If prosecutors had their way, every case would be insulated, isolated, and sealed off from the world around it. No politics, no media, no public attention – just the evidence and the courtroom, the facts and the law, and that’s that.
Of course, reality has a way of intruding – as we saw this week with the bizarre media blitz by Emily Kohrs, the foreperson of the Fulton County special grand jury which apparently (if you caught Kohrs’s wildly unsubtle drift) has recommended an indictment of Donald Trump. I’d bet good money that every prosecutor on the case had the same reaction as they flipped on the tv or opened up the newspaper and saw Kohrs spilling the tea: a hand-slap to the forehead, and the exasperated utterance of a sentence beginning with the words, “What the…”
Let’s set in place a few stipulations right up front. We will not comment on the superficial appearance or mannerisms of Kohrs. But we also will not minimize her agency in choosing to go public, and we won’t underplay the consequences of that decision. Kohrs is 30 years old. She’s an adult. She took a solemn oath and did her service as a grand juror. Now, like it or not, she is intentionally making a spectacle of herself, to the detriment – likely non-fatal, but still not good – of a potential prosecution of Trump and others.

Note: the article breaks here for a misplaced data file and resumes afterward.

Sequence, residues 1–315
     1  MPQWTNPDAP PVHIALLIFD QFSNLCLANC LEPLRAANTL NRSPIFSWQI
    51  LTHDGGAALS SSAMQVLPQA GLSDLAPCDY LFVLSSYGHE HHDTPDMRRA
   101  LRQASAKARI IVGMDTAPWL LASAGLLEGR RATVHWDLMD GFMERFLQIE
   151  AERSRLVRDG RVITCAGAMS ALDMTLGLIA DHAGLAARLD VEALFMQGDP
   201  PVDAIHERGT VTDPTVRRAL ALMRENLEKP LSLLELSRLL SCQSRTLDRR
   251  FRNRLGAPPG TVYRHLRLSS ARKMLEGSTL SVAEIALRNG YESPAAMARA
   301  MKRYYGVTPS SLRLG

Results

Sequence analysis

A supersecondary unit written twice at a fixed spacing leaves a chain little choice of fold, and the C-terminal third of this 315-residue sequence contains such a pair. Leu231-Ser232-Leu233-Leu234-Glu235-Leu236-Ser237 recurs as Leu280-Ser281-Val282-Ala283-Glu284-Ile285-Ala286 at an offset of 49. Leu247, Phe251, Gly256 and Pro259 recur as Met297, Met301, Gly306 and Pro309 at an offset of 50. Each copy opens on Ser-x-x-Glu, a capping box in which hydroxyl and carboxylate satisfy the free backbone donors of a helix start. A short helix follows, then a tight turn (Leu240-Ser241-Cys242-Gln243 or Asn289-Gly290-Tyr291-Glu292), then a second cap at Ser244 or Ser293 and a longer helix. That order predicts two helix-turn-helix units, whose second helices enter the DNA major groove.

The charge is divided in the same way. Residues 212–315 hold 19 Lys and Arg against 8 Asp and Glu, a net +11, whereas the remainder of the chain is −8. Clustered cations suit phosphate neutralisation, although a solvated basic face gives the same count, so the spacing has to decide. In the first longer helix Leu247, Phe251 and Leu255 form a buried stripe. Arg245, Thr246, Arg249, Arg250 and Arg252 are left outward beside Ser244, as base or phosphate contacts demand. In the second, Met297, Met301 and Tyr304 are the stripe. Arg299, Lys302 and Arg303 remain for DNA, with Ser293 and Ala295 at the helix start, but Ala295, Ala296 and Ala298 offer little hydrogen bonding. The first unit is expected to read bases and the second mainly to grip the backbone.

Kohrs went in an instant from the anonymity of grand jury service to the national spotlight. Nobody thrust it on her; she chose to talk to the newspapers and go on camera. And talk she did. Oh, sure, she pretended to play coy, but if anything, her cutesy wordplay only made it all seem even worse. When asked squarely if the grand jury had recommended an indictment of Trump, she responded, “You’re not going to be shocked. It’s not rocket science.” Just in case that wasn’t clear enough, she said in another interview, “we heard his name a lot. We definitely heard a lot about former President Trump, and we definitely discussed him a lot in the room. And I will say that when this list comes out, you wouldn’t – there are no major plot twists waiting for you.” Gee, what ever could she mean by that?